“So many books, so little time” is the credo emblazoned on one of my sweatshirts. Isn’t that the truth? Among my favorite tee-shirts is “Lead me not into temptation … especially bookstores.” I confess: I’m addicted to reading. Worse, I’m addicted to blabbing about what I read. I want to do you the favor of knowing what I think. You see, dear reader, I’m looking out for your best interests.
Well, not really. Usually I do not warn you when a book is not worth your time. With rare exceptions, I do not write negative reviews. Why not? Wouldn’t a balance of negative and positive reviews give my work more credibility? Perhaps it would. I don’t care. I don’t have enough space to tell you what not to read or why you won’t like something. Besides, if a book is inferior, it will sink under its own weighty badness – it doesn’t need my help. Silence can be a good thing.
Many writers, especially novices, do not understand my refusal to write reviews of their efforts. My “Florida Writers” column brings me a lot of email from authors (and publicists) whose attempts at gaining my respectful attention are so poorly scribed that I can only imagine how poor the actual book is. Still, if I see any hope of being able to praise it, I’ll ask for a copy (or a pdf or an e-version). Too often, I end up not reviewing the book, hoping to cast my refusal so that it doesn’t do unnecessary harm.
“But I’m a Florida Writer – why not?” It is not true, I insist, that all publicity is good publicity. Why find yourself insulted by my honest appraisal? Easy Writer cannot imagine that his book could garner negative reviews. I pretend to agree that the problem is simple: there’s something wrong with me.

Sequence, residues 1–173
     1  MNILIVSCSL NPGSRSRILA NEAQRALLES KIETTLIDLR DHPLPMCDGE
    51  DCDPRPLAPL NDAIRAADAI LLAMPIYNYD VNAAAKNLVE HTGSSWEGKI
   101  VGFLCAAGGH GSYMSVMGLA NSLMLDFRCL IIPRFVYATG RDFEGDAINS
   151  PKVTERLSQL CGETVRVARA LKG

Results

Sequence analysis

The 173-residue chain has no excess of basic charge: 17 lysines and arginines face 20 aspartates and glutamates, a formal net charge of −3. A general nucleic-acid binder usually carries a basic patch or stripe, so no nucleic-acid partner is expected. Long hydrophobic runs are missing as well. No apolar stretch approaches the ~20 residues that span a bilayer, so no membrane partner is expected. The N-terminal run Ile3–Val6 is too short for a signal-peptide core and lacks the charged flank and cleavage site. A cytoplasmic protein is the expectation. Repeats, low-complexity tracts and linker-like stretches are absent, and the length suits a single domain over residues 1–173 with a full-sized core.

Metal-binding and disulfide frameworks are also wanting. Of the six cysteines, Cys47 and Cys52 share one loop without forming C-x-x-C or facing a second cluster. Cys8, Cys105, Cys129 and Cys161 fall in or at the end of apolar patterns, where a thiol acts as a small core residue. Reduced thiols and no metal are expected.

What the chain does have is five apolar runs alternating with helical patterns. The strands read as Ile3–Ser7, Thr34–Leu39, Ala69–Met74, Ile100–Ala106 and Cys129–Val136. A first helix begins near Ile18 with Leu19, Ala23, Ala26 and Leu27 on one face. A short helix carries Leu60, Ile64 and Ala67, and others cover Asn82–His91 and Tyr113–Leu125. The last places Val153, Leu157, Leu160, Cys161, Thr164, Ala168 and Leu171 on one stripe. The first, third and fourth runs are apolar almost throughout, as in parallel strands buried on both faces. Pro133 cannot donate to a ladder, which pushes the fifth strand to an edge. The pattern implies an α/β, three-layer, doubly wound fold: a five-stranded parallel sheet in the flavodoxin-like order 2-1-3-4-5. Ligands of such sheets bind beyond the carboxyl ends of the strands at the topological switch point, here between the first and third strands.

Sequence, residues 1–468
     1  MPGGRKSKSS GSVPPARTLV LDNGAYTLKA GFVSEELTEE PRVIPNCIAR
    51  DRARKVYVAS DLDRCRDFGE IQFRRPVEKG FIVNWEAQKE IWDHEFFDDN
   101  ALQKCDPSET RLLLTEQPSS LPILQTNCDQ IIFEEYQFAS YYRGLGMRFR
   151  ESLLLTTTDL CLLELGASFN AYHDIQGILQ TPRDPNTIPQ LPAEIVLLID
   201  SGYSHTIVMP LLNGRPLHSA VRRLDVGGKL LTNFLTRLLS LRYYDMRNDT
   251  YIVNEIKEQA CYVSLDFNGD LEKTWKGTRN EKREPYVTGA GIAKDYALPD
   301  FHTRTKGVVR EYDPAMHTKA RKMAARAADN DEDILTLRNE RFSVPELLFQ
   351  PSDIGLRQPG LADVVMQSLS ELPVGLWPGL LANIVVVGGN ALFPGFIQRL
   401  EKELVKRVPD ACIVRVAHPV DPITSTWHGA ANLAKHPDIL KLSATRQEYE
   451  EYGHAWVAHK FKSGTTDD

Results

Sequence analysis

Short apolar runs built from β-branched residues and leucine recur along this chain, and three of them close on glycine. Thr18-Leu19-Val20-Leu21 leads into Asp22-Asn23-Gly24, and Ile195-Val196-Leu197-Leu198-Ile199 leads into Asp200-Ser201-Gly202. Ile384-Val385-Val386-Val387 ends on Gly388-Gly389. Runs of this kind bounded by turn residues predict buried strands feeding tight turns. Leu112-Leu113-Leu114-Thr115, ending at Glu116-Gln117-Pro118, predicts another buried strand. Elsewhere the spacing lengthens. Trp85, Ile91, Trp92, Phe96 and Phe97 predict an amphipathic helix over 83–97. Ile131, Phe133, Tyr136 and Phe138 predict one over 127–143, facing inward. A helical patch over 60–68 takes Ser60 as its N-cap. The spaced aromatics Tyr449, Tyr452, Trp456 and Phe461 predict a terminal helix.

“But you’re the only person doing regular book reviewing around here. If you don’t help me get the word out, no one else will either.” Sure, I feel guilty. However, book reviewing is not public relations work; at least it shouldn’t be. (You want a planted, paid-for review? I’ll tell you how to buy one.)
In case you’re dying to know the exception to my rule about not writing negative reviews, here it is: I will write a negative review when a well-established, talented author slips from the standard that he or she has set and that readers expect. Here’s a case in point. Though I love Randy Wayne White’s work, a couple of Doc Fords ago I thought he had let us down and said so. Fortunately, I was soon able (and happy) to praise his first Hannah Smith novel and the most recent Doc Ford.
“Confess, Phil, confess that sometimes you do not review a book that you know is pretty good. What’s the deal here? Lazyness?” Sometimes I’m lazy, but more often I just don’t think that the book and I are compatible. I can’t get excited about its virtues. I need to move on to another book that engages me more fully or that I feel will be of value to my readers “out there.” I don’t have time to agonize about the one that gets away. Again, my publication space and reading-writing time is limited. Careful selection is what gets me through. It’s like dating.
“Why do you review so many self-published books? Aren’t they bound to be just awful?” Hey, you snobs out there, with all the mediocre books put out by the trade houses, the burgeoning body of self-published titles offers a truly viable alternative for the serious reviewer looking for quality publications. I don’t let the publishing industry make up my mind for me, and I’m prejudiced against prejudices. While there are many periodicals that refuse to publish reviews of self-published titles, Florida Weekly has allowed me the privilege of deciding by the case and not the category. . . .
For more “confessions,” as they appear in the full article found in the July 10, 2013 isssue of Fort Myers Florida Weekly and the July 11 issues of the Naples, Bonita Springs, and Charlotte County editions, click here Florida Weekly – Jason’s Confessions 1 and here Florida Weekly – Jason’s Confessions 2